The week is nearly over, so perhaps you're wondering what you'll do with yourself all weekend. We have the answer – you will enjoy some apps and games you obtained for a pittance thanks to your most favorite website in the world, Android Police.
The newest update to EA's free-to-play racing title Real Racing 3 has an assortment of shiny new things to dangle in front of you. Of course, you'll have to pay for most of them, but the game is a free download, and there aren't many games that can match to overall quality of the racing experience in RR3.
Included in this update are Ferrari vehicles like the 458 Italia and the V12-powered F12 Berlinetta.
When the Rabbids first appeared in Rayman Raving Rabbids for the Wii back in 2006, they were hilarious and even somewhat charming. There wasn't any depth to them, but there wasn't any depth to the game itself, so it was a perfect fit. Those obnoxious bunnies went on to shed their affiliation with Rayman and have since appeared in more games than their limbless friend. Now they're making their mobile debut with Rabbids Big Bang.
If you're feeling a bit diabolical today, just be patient – Dungeon Keeper has begun its slow rollout on Android. This refresh of the classic strategy/tower defense game is currently only available for download in Canada, Australia, and Singapore, but is slowly hitting more countries over time. Prepare your minions.
This version of Dungeon Keeper has been optimized for tablets with new HD graphics and new gameplay mechanics. All the goodies from the classic title are here, but some of the changes (sadly) revolve around in-app purchases.
You knew this day would come. An asteroid is hurtling towards Earth, but before you ready those nukes, your job isn't to deflect it - it's to guarantee that it doesn't miss. In Massteroid, players take control of said asteroid and try to grow it as big as possible to inflict maximum destruction. But if you've learned anything from late 90s disaster films, Earth isn't going down without a fight. You must dodge unguided missiles, satellites, targeted ordinances, mines, and - wait for it - black holes.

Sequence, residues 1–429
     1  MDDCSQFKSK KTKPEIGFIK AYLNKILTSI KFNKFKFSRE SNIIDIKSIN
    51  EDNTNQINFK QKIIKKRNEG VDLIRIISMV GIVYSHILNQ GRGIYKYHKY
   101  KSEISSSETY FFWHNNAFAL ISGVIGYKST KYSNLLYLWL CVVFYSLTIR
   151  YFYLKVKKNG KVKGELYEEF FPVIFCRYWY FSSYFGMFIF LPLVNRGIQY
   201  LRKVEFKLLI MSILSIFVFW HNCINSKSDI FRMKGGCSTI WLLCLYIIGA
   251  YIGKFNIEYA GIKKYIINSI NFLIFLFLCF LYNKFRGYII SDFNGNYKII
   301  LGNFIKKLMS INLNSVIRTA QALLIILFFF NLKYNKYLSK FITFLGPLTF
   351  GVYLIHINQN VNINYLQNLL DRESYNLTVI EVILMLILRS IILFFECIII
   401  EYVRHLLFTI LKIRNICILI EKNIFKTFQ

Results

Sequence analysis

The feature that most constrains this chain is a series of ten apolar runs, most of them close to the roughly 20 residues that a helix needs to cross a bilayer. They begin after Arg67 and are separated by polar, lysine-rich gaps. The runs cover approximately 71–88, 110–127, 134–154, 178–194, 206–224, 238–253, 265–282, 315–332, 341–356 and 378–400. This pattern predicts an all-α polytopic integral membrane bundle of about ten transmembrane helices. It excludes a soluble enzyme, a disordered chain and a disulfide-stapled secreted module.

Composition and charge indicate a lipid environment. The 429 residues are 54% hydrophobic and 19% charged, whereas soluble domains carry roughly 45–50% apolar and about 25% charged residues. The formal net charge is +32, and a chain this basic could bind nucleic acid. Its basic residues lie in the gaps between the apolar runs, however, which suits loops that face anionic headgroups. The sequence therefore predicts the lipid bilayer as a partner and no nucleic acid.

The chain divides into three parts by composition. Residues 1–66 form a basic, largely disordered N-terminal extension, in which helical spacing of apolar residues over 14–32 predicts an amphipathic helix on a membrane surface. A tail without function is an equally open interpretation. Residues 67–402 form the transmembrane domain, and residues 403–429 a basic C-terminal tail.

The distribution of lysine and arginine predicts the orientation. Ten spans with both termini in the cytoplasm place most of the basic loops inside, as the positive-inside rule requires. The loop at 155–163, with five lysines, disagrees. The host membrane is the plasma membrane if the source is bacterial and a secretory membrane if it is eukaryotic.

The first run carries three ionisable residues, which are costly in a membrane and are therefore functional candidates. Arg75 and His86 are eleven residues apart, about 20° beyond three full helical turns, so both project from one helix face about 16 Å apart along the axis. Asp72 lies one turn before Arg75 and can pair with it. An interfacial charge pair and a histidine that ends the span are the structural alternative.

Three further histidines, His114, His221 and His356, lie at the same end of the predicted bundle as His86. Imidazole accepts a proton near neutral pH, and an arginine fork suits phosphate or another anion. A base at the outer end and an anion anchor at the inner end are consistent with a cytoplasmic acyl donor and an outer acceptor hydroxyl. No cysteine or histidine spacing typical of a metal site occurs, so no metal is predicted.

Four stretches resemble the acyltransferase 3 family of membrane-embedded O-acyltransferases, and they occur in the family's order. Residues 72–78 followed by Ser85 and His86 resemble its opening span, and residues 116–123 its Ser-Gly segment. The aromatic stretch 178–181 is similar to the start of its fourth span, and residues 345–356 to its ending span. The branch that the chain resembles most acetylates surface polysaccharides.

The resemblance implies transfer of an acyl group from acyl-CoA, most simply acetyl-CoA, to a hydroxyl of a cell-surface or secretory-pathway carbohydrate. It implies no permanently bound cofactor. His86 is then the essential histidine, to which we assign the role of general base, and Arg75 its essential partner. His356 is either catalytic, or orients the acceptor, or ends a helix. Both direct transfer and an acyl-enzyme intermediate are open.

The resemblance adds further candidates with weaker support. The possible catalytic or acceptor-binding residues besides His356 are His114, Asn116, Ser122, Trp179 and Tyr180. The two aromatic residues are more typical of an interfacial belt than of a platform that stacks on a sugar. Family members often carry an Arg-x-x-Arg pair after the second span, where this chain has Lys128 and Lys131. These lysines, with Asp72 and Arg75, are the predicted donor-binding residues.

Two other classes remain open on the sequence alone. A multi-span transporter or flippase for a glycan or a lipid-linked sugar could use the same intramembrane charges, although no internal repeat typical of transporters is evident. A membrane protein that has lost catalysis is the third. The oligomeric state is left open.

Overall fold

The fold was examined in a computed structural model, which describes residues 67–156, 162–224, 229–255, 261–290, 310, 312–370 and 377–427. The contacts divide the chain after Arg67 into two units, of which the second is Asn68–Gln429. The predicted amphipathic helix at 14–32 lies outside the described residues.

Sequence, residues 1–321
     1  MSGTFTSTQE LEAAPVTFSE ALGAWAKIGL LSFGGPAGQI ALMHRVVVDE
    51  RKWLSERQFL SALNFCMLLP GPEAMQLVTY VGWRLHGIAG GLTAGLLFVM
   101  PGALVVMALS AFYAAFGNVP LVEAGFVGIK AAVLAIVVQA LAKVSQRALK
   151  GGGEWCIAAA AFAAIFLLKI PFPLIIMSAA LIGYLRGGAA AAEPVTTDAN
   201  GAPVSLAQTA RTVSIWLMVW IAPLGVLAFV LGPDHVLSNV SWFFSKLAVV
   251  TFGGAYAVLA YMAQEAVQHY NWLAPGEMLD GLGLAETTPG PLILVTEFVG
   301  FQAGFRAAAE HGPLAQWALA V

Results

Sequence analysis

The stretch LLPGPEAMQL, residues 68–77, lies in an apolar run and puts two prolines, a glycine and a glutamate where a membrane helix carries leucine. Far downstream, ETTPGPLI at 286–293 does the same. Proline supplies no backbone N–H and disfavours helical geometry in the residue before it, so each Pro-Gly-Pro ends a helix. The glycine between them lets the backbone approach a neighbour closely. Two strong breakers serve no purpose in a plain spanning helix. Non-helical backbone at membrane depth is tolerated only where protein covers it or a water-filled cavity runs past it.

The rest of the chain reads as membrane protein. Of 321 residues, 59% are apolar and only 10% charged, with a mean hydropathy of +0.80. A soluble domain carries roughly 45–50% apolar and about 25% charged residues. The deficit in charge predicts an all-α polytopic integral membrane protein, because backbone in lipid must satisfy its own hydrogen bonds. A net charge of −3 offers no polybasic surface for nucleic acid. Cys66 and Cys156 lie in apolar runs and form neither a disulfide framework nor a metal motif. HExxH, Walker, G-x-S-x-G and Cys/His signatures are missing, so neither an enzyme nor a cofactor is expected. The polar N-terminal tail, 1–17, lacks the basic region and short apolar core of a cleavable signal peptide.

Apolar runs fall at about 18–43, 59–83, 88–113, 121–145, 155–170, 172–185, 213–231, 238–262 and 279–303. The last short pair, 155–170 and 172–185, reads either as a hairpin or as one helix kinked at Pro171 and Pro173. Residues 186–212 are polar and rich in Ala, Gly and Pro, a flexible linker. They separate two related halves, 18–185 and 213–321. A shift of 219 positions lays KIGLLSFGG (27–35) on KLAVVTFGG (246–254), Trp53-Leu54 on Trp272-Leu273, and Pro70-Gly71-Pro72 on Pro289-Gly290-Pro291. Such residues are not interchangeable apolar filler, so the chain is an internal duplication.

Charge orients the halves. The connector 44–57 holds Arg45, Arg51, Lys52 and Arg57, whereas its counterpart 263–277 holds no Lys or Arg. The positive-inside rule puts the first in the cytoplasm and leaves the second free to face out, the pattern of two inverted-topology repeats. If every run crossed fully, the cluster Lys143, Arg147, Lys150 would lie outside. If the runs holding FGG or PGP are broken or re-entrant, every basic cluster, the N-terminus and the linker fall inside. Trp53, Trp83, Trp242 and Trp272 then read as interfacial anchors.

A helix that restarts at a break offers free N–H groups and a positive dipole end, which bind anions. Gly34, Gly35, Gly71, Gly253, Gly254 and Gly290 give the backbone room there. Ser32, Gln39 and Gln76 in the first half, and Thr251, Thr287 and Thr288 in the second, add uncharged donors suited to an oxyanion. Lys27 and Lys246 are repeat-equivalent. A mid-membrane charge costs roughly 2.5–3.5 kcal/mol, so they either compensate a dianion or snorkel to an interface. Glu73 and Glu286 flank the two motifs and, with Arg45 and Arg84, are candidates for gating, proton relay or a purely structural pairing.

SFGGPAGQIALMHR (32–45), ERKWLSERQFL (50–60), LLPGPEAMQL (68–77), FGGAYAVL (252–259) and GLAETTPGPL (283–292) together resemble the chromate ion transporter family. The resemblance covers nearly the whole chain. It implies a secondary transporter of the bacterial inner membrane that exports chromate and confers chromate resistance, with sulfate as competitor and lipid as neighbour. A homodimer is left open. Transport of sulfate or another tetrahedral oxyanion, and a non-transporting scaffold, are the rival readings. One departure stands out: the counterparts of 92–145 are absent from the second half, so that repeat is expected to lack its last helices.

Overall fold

Remember the first time you played Star Fox on your Super Nintendo? Remember how your mind was blown by 3D graphics and intuitive gameplay, so much so that you ignored the fact that woodland creatures were engaged in mortal space combat? I wish that I could say that ARC Squadron will rekindle that feeling. It won't. Nintendo made five more Star Fox games. This is the age of Facebook and in-app purchases.
Welcome to the latest entry in our Bonus Round series, wherein we tell you all about the new Android games of the day that we couldn't get to during our regular news rounds. Consider this a quick update for the dedicated gamers who can't wait for our bi-weekly roundups, and don't want to wade through a whole day's worth of news just to get their pixelated fix. Today we've got a flashy take on a classic board game, a certain puzzle game turned on its head, and an endless runner that's truly free.
You probably shouldn't have wasted your work day poking around in Google Play for deals on apps and games. We can do that part for you and it's actually considered work. That way you can waste your work day actually enjoying the apps. Sound good?
The original Anomaly Warzone and follow-up Anomaly Korea were undeniably two of the best titles to come out on Android in the last few years. These games take the tower defense genre and turn it on its head by putting you in the control of the creeps. Under constant attack by defense towers, you have to repair, upgrade, and manage your units to reach the goal. It's much the same idea in the upcoming Anomaly 2, but you've got new units and some new gameplay mechanics to figure out.
Star Command is one of my most-anticipated games for Android. Or at least it was, two years ago when it was scheduled to be released, and then again when it was released for iOS five months ago. An unreasonably long development cycle and some dodgy developer antics have made waiting for this game an exercise in frustration, and it's impossible to give it a full review without at least some bitterness hanging on in the back of my mind.